Groundsman Set For Test Debut: As Adam Lewis embarked on his first day in the job he bought lunch and sat in one of the grandstands at the SCG alone, with the famous venue all to himself.
“I just went ‘wow’,” he admits, saying he found the experience of walking into his new workplace as magical.
On Thursday, there will barely be an empty seat with a sold-out crowd of more than 40,000 in attendance for the first day of the fifth and final Ashes Test.
The series between Australia and England may have been clinched, but for Lewis, only the ninth SCG curator in the 160-year history of the ground, it is occasion he has been waiting his entire working life for.
It is less than two months since he took up the role, replacing his long-time predecessor Tom Parker, and the Sydney Test is his maiden first-class pitch at the SCG.
“I think it’s going to be overwhelming, watching that first ball bowled,” Lewis said. “There will be a lot of relief. But I’m excited. I’m really looking forward to it.”
Lewis, installed in the coveted position after years as the lead groundsman at Hurstville Oval, arrived as part of a restructure that also saw a grounds manager, Justin Groves, recruited from Adelaide Oval to oversee operations at the SCG as well as Allianz Stadium next door.
He is humbled by the history of the place and the legacy left by curators and pitches past, as well as players. The eight curators before him include Ned Gregory, who played in the first Test in 1877 and lived in the old SCG curator’s cottage around the time of the birth of his son, Syd, who would go on to play 58 Tests for Australia.
Groves, too, is conscious of the great figures that have walked on the turf before them, and has a personal connection to the greatest of them.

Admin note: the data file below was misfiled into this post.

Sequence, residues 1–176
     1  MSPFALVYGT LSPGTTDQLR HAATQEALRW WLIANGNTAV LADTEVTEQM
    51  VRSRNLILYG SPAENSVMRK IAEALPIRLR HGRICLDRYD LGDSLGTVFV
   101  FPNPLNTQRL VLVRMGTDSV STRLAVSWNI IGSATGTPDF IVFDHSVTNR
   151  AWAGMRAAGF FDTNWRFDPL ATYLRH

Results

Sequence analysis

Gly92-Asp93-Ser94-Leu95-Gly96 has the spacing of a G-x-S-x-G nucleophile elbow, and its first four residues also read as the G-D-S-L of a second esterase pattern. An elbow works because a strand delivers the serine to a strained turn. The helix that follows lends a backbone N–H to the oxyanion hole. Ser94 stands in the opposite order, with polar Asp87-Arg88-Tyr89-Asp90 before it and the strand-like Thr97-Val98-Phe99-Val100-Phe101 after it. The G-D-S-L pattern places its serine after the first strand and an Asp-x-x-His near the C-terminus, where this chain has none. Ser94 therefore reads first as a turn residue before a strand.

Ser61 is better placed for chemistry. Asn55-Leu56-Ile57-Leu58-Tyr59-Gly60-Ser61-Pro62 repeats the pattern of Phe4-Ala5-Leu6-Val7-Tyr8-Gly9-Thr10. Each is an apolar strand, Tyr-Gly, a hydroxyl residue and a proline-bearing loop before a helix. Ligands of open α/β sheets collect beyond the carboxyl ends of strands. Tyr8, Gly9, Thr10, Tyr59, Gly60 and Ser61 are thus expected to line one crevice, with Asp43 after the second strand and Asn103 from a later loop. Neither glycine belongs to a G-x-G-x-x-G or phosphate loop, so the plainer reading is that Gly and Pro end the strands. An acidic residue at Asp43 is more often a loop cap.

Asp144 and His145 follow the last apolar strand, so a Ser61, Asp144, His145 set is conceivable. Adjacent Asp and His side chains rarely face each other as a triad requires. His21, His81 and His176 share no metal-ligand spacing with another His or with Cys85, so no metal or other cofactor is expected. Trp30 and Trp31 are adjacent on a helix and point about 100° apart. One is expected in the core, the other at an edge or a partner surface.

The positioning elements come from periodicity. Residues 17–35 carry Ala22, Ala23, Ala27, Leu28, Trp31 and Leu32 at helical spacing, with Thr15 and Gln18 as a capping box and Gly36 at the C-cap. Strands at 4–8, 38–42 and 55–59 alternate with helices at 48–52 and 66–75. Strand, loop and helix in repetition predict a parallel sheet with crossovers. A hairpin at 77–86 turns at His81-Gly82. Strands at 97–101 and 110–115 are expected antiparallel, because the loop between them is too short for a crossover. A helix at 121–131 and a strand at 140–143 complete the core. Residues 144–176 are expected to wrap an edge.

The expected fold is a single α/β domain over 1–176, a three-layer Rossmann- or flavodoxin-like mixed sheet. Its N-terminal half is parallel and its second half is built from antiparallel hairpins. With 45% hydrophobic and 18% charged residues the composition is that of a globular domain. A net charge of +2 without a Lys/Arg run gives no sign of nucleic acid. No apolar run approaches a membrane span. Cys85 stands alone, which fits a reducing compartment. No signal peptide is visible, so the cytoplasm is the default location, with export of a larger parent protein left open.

With his grandfather, the former Australian Cricket Board chairman Phil “Pancho” Ridings, he visited Sir Donald Bradman at his Adelaide home when he was a boy, having a bat signed that is now on display inside his office beneath the stand at the SCG that bears the legendary batsman’s name.
“I went to his house and got it done. My grandpa took me there one day. I would have been nine or 10, I reckon,” Groves says. “He gave me some Fritz and sauce and a glass of lemonade so I was pretty happy as a young fella.”
In his 15 years at Adelaide Oval Groves also had “quite a bit” to do with a young groundsman there by the name of Nathan Lyon, witnessing the meteoric rise of the Australian off-spinner first-hand.
“I was one of his bosses when he first came over there,” Groves said.
“He was great, a good young kid coming through. He was playing a bit of A-grade cricket in our competition and was sort of plucked out of obscurity to bowl in the [interstate] T20s. We were quite close in Adelaide and we still text each other and try and catch-up whenever we can when he’s not on tour.”
Lewis prepared wickets for Sheffield Shield and domestic one-day matches at Hurstville, and got to know some of the country’s leading players including Test captain Steve Smith.
The ground also played host to Australian sessions under his watch including a notorious one in 2016 when Mitchell Starc was rushed to hospital with deep cuts in his leg following a freak training accident. The incident was no fault of the Hurstville staff but it was a frightening moment, Lewis recalls.
“Steve Smith and [David] Warner came racing over to me and they were white. I thought ‘this is bad’,” he said.
“We just called the ambulance straight away.”
Lewis and Groves are putting the finishing touches on their first Sydney Test wicket with pitches and curators in the news. The Boxing Day Test strip was widely panned and on Tuesday night was officially labelled as “poor” by the International Cricket Council.
Groves does not believe what transpired in Melbourne puts any additional pressure on them at the SCG and feels for the ground staff at the MCG.
“I feel very compassionate towards them,” he said. “You know the work that goes into a cricket pitch and you put your heart and soul on the line for it.
“To get the feedback that they got is disappointing but obviously as a curator you’ve got to cop that on the chin and work out ways to move forward and make sure you’re producing the best pitch you can every time you go out there.
“We’re just going to produce the pitch that we think is going to have a bit in it for everybody.”
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